Adobe DPS 101: For Print Designers Transitioning to Digital

Using the Adobe DPS (Digital Publishing Suite) to make a phone or tablet app is just like using any other product, it’s a tool. Strong creatives will be successful regardless of the tool they use. It is about how you use the tool.

If you are not familiar with DPS, print designers love it because it allows you to create apps in InDesign. It allows designers to create and update apps without needing developers. That said html code can be added, as well as integrating a range of other programs and plugins, i.e. Edge Animate, After Effects, Salesforce . .  .

Storycode began as a platform agnostic shop. A few years ago we made the decision to create apps only in DPS, and we stopped using native code or other platforms. There were many reasons that brought us to that decision. Here is a snapshot of some of them:

Apps took considerably longer to create using native code
• Having someone hard code an app means it took months, instead of days, for the build.
• We were constantly faced with having to decide to fix design details that changed as a result of the code or to stay on time/budget.
• We were at the mercy of the outside developers schedule and staffing.

Non-DPS platforms and native apps were much more expensive to create
• Dependency on outside developers, and the amount of time it took to create apps using other platforms or native code were considerably higher.
• For clients, it meant that if they wanted to make major changes or create a new design, it was often like starting over (both in time and cost).

The design was never exactly as envisioned
• Not being able to have complete control over the details was soul-crushing. Even when we spent a great deal of time managing the developers, there were often limitations out of their control, and the design was less than what it could be.
Choosing one platform allowed us to become experts at it, serving our clients better, and allow us to be more effective and efficient.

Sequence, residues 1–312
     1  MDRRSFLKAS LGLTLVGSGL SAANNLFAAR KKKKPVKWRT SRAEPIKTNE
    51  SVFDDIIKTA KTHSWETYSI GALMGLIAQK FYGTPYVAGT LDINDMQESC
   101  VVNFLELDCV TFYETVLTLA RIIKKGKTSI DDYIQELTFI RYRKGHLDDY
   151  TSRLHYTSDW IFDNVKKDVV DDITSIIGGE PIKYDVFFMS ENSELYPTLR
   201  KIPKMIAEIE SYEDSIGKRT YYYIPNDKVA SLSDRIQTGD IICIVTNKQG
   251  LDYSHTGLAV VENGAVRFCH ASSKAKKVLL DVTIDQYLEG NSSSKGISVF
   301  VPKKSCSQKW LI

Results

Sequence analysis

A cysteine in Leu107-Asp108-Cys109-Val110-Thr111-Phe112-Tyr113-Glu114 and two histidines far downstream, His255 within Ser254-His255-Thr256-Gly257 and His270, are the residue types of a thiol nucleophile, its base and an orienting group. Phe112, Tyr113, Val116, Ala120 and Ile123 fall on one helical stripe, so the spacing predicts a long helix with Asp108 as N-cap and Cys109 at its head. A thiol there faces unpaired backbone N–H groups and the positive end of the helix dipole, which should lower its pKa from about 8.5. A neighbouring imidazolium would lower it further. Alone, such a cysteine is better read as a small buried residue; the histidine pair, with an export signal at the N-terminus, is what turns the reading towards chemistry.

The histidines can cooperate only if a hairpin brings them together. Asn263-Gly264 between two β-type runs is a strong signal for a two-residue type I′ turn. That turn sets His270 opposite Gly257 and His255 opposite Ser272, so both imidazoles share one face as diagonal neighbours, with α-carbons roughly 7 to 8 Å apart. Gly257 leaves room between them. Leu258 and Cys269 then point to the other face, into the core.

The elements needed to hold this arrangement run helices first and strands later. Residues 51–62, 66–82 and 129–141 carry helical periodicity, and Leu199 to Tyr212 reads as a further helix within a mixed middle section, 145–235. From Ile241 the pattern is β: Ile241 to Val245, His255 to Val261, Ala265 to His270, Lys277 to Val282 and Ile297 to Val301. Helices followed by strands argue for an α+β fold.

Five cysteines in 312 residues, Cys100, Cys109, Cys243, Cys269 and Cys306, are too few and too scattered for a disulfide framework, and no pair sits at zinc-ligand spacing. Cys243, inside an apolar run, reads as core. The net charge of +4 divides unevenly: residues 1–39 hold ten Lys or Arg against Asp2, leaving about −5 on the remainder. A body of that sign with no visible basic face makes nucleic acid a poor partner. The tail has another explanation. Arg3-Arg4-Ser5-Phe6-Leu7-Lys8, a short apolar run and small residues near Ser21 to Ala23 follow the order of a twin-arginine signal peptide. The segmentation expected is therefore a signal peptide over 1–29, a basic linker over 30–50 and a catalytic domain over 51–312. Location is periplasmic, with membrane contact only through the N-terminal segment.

Time
Since DPS is created directly from indesign files, apps can be created as quickly as print. We set aside the same amount of time for creative as we would if it were a printed piece. Then as a rule, we allocate 10 days to go back into our indesign files and “build” (add the interactivity to the file). Of course this is just a guideline, one that we shoot for. We have built our share of apps in much less time. Our record is 4 hours. But we prefer to have time to test it, get client input and improve it.

Workflow
The biggest change in work flow is figuring out the best way to present comps to clients. Unfortunately presenting a flat comp is not an effective way to show the client how the app will look and function. But building it in order to present a comp means a lot of extra work. Our solution is to build a few key screens, so the client can see how it works, without the workload of building the entire app.

Test
Testing is the most humbling part of transitioning to digital. Even when the design of your navigation seems so obvious and clear, it is pretty common that a user will pick up the device and start tapping and swiping in ways you never intended. Stand back, watch, adjust. Testing with the project’s specific target group is vital to its success.

Less is more
Designers transitioning to digital sometimes make the mistake of including interactivity just for the sake of interactivity. Adding all the tricks they’ve been eagerly waiting to use. But using too many bells and whistles will give you a way as a novice. Slow down. Phones and tablets aren’t going away. Less really is more. Add interactivity only as it adds value to the content and user experience.

Tips
• The more you can narrow the focus of your app, the easier it will be on the user. Think a pair of shoes, not the entire closet.

• It’s easy to get overwhelmed by options the first time you create an app. You suddenly have audio, video, movement, transitions, in addition to all the choices you had in print. My first app I felt like I was rubbing my stomach, patting my head and jumping rope. But once I got my first app under my belt, that feeling went away. I like to say, hurry up and get your first app out of your way, because once you do, your perspective and approach will be very different.